According to a study conducted by Alcimed, most patients with vulvodynia would consult about 10 different healthcare professionals over several years before receiving the correct diagnosis associated to these symptoms.
Lyon, May 10, 2019 – The word vulvodynia comes from “vulvo” meaning vulva and “dyny” meaning pain, which literally means “pain in the vulva”. However, since 2003, vulvodynia has been more broadly defined by the International Society for the Study of Vulvovaginal Disease (ISSVD) as “chronic vulvar discomfort, most often a type of burn, without relevant visible lesions and not associated to a clinically identifiable neurological disease”.
Vulvodynia is part of the Medically Unexplained Symptoms (MUS), i.e. not related to an identifiable organic disease. Other, more well-known examples are: fibromyalgia, interstitial cystitis, irritable bowel syndrome, temporomandibular joint dysfunction, chronic fatigue syndrome, etc. In addition, 50% of women with vulvodynia have at least two associated MUS.
The causes of vulvodynia are still not well-known and poorly defined. Genetic factors could predispose people to this disease, local inflammations could play an inductive role (such as a Candida albicans infection), psychosocial environmental factors would also be involved as well as a history of physical, psychological or sexual violence that multiplies the risk of developing vulvodynia by 4 to 6.
The condition is mainly characterized by severe pain, which can be either generalized or localized (vestibulodynia, clitorodynia, hemivulvodynia, etc.). In both cases, they can be provoked (by sexual contact, non-sexual contact, or both), unprovoked (spontaneous pain) or mixed (provoked and unprovoked). These pains are most often described as burning, but other sensations are also expressed as throbbing, pinching, stinging, soreness, dryness, etc.
Problems related to the pathology
The diagnosis of vulvodynia is based on a clinical examination and additional tests to rule out any possible infection that could explain the pain of the vulva (candidiasis, herpes, etc.). However, a lack of knowledge about the pathology leads to a misdiagnosis and a delay in diagnosis ranging from a few months to several years. Most patients consult multiple doctors or specialists and undergo many tests before they are diagnosed correctly. Diagnostic errors are an extremely common challenge, as is the problem of not being taken seriously.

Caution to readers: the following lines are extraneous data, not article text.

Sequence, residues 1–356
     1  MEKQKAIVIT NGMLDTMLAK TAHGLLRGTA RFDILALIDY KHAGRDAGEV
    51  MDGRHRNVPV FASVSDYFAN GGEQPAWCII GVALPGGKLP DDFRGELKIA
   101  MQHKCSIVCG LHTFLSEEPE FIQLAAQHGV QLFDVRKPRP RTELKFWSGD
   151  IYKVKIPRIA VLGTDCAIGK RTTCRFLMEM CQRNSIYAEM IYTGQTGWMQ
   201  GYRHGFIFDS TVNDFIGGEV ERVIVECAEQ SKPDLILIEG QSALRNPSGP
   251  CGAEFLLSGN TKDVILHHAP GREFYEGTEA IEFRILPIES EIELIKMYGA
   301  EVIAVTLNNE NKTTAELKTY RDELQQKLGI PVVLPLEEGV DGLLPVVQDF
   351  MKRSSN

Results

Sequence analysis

Furthermore, many disorders are associated with vulvodynia. In addition to severe physical pain (on a scale of 1 to 10, with 1 being associated with “little pain” and 10 with “maximum pain imaginable”), patients interviewed in a study reported that their pain was chronic and never went below 5 out of 10. The psychological impact and the impact on the quality of life are therefore very important. Feeling ashamed, losing self-confidence, depression, difficulty or even inability to perform certain activities (playing sports, walking, sitting too long, having sex, etc.) are significant limitations associated with vulvodynia.
To date, no specific treatments exist yet; however, many solutions (topical, oral and other therapies like physiotherapy and psychotherapy) are available and are often combined to treat each patient on a case-by-case basis. Three main types of treatments can be distinguished:
-Medicinal: local anesthetic or analgesic drugs, oral painkillers, antiepileptic drugs, antidepressants, psychotropic drugs.
-Non-medicinal: sweet almond oil, baths, etc.
-Other therapies: surgery (injection into the pudendal nerve), laser therapy, neurostimulation, physiotherapy, psychotherapy, yoga, relaxation, meditation, etc.
A patient’s journey to find her personal best solution is often long and tiring. Indeed, for the majority of them, no solution works and this whole process of trial and error is a psychological ordeal as much as a financial break.
Faced with patients’ high level of suffering and the high prevalence of this disease, many associations exist and serve as vectors of information, intermediaries or mediators.
For example, the “Associazione Italiana Vulvodinia Onlus” association in Italy and “Les Clefs de Vénus” in France its missions are informing about chronic pain and helping women suffering from it.
What are the future projections?
Tomorrow’s challenge will be to train and inform healthcare professionals in order to fight against diagnostic errors, the lack of serious symptom management and the loneliness of patients; but also to promote the search for new treatments to help these suffering women.
1 Therapeutics in Dermatology, A reference textbook in dermatology: “VULVODYNIA”, 29 February 2016, by MOYAL-BARRACCO M. & DO PHAM G.
2 “Prevalence and demographic characteristics of vulvodynia in a population-based sample”, February 2012, Reed et al.7
3 “Vulvodynia: Definition, Prevalence, Impact, and Pathophysiological Factors”, December 20, 2015, Caroline F. Pukall
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